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Senate Tries To End Tuberville’s Courageous Anti-Abortion Protest

Graham Perdue
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The blowback from Democrats and even some Republicans against Sen. Tommy Tuberville’s (R-AL) protest against the woke Pentagon is heating up. 

The Senate Rules Committee this week is considering a resolution to allow the mass advancement of hundreds of nonpolitical military promotions. This would in effect bypass the Alabama Republican’s stand against forcing U.S. taxpayers to fund abortions. 

The panel will determine whether to enact a temporary change in procedure. Without altering Senate rules, this would allow the thwarted promotions to go through.


Certain high-profile promotions such as Joint Chiefs of Staff would continue to need individual votes to proceed. The effort is spearheaded by Armed Services Committee Chairman Jack Reed (D-RI) and Sen. Kyrsten Sinema (I-AZ).

Unfortunately, it has some push from RINO Republicans who do not align against Biden’s DEI Pentagon. 

GOP backing will be needed if the proposal advances to the full Senate, where it would require 60 votes to be enacted. There will need to be considerable support from Republicans for that to happen.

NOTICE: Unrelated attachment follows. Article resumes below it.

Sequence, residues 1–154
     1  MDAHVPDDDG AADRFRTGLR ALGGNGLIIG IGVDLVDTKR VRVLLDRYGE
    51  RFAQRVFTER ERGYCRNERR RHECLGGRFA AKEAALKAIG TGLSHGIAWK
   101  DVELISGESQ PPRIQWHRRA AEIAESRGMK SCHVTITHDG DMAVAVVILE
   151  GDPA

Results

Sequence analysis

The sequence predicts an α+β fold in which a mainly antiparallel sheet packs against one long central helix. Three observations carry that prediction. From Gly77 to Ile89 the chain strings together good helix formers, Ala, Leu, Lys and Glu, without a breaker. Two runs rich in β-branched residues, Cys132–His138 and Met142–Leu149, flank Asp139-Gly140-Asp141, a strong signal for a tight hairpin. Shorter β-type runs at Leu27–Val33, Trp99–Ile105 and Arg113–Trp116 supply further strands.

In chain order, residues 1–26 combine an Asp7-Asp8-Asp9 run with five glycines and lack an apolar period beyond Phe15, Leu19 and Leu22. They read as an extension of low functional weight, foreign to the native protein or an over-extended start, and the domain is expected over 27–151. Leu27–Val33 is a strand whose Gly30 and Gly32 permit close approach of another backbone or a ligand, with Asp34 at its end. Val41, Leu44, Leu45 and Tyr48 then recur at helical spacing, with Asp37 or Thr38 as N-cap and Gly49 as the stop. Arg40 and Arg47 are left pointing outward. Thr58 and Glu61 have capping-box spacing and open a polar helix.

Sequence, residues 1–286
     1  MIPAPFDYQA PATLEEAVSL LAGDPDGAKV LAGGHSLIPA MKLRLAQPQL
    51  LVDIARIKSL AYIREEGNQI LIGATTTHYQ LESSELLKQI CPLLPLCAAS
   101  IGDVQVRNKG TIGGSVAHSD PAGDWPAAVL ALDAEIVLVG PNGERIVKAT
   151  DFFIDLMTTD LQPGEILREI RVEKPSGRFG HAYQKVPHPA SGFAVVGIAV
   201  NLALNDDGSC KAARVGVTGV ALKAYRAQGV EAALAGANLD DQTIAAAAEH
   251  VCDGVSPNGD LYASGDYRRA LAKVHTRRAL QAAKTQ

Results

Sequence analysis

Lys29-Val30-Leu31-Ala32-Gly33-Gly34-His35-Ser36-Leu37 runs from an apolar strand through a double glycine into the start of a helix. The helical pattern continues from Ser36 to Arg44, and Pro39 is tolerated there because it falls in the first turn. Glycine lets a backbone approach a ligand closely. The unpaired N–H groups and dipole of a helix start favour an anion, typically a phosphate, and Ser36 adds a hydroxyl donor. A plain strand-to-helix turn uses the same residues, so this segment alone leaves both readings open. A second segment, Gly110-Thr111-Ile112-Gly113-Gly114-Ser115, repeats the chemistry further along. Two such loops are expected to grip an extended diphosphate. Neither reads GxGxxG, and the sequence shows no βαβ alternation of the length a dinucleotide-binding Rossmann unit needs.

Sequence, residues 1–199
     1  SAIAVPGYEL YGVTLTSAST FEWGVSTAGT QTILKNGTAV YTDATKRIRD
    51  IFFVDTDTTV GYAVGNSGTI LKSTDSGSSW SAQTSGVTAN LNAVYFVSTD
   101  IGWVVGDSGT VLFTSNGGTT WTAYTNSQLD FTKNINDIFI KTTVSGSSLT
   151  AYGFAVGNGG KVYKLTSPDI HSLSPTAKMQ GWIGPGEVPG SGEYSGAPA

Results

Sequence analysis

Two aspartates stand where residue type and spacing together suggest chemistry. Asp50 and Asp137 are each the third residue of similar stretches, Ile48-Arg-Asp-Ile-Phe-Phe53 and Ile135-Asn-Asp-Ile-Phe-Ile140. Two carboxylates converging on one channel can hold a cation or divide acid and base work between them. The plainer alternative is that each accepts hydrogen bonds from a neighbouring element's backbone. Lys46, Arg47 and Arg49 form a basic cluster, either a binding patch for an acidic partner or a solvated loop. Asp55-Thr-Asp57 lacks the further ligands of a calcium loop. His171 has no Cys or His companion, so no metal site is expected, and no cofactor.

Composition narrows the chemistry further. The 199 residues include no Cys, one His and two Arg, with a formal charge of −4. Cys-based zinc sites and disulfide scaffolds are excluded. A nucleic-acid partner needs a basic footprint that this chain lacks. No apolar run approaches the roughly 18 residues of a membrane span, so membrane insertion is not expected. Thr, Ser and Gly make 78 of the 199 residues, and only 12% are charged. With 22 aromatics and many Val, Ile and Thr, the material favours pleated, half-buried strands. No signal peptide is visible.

Meanwhile, some Senate Republicans are eager to find a solution as war rages between Israel and Hamas. But their solutions apparently do not include Biden’s Pentagon backing off of the controversial policy and letting legislators decide.


Military leaders made the stunning decision to fund travel for service members seeking abortions who are stationed where taking the life of an unborn child is restricted or prohibited.

Many in the GOP spoke out against the move, but Tuberville alone took a very public stand against having taxpayers foot the bill for such acts. 

Instead of pushing through dozens or even hundreds of promotions at one time, his blockade means each must be considered by the Senate individually. Some nominations have recently taken this route to confirmation.

As for Tuberville, he said there is “zero chance” he will back down on the move he first announced in February. That is, unless the Pentagon backtracks or sends the vote to Congress.

If legislators are allowed to decide the contentious issue, the former football coach said he will end the blockade no matter how the decision falls. But that’s not good enough for the Biden administration, which seeks to dictate from the top.